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What Is Your Target Zone
Target Heart Rate Zones by Age *
- Age: 20
- Target Heart Rate Zone : ** 120 170
- Predicted Maximum HR: 200
Your Actual Values
- Target HR
* This chart is based on the formula: 220 – your age = predicted maximum heart rate.
Ideal Heart Rate For Exercise
After youve gotten the hang of heart rate measurement, you can begin to calculate and monitor your target exercising heart rate.
If youre using the manual method of heart rate measurement, youll need to stop exercising briefly to take your pulse.
If youre using a heart rate monitor, you can continue your workout while keeping an eye on your monitor.
Your doctor can help determine the best target heart rate for you, or you can use general target zone guidelines to determine your target exercise heart rate based on your age.
According to the AHA, moderate-intensity workouts should be closer to the lower end of the target heart rate range that correlates with your age. Within the higher end of the range is the target heart rate for high-intensity, vigorous workouts.
The target heart rate zones noted below are based on what is equal to 50 to 85 percent of the average maximum heart rate for each stated age, and the average maximum heart rate is based on the calculation of 220 minus years of age.
Please be aware that the American Heart Association states that these figures are averages to be used as a general guide. If you feel this guide doesnt fit your personal exercise heart rate target for moderate or vigorous exercise, your doctor will be able to work with you on an individual basis to help determine the target heart rate range that is best for you.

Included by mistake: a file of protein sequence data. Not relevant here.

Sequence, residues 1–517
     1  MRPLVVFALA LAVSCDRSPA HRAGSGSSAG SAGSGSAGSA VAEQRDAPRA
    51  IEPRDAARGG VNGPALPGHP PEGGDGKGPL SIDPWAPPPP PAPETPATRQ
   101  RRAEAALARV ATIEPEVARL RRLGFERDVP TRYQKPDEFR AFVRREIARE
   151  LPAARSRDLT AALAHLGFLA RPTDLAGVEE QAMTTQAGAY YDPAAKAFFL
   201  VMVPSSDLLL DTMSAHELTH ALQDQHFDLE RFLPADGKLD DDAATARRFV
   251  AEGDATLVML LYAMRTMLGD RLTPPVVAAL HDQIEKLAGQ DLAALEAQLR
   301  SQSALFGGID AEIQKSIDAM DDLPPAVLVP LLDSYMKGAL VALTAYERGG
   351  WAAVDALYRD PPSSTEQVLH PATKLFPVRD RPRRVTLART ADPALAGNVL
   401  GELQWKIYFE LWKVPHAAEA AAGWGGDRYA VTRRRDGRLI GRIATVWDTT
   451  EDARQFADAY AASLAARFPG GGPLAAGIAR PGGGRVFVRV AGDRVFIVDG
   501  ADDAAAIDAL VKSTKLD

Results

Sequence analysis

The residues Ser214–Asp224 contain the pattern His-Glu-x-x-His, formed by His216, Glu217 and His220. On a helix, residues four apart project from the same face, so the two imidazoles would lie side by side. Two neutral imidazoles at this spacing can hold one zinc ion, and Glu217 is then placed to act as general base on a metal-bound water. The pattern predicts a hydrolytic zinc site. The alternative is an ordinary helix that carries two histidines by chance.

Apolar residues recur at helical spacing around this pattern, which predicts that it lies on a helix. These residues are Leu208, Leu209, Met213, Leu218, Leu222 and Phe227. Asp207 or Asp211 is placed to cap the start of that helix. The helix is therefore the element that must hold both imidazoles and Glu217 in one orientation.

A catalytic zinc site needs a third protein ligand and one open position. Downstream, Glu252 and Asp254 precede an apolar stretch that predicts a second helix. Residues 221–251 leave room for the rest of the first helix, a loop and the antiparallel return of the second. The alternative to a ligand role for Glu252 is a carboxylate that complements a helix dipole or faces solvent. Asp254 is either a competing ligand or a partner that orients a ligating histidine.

|Target heart rate zone|
|75 to 128 beats per minute||150 beats per minute|
Also Check: What Are Signs Of A Heart Attack In A Man
Signs Symptoms And Risk Factors For Cardiac Arrest
Many people believe that cardiac arrest causes the heart to stop beating immediately. While its true that some areas of cardiac muscle will start to die during a heart attack because of a lack of blood, a persons pulse may become slower or faster , depending on the type of heart attack theyre experiencing .
Other signs and symptoms of heart attack include a sudden onset of:
- Pain, pressure, or tightness in the chest
- Arm, neck, back, or jaw pain
- A feeling of “impending doom”
- Shortness of breath
- A sudden cold sweat
Both men and women experience heart attacks. Specific risk factors for cardiac arrest include smoking, chronic inflammation, obesity, high blood pressure, physical inactivity, and family history.
What To Expect At The Doctors
Your doctor may use a variety of diagnostic tools to help diagnose your condition, including:
- Electrocardiogram. Also referred to as an ECG or EKG, this diagnostic tool uses small electrodes to record the electrical activity of your heart. Your doctor can use the information collected to determine if heart abnormalities are contributing to your condition.
- Imaging tests. Imaging can be used to assess if there are any structural abnormalities in your heart that may be contributing to your condition. Possible imaging tests can include echocardiogram, CT scan, and MRI scan.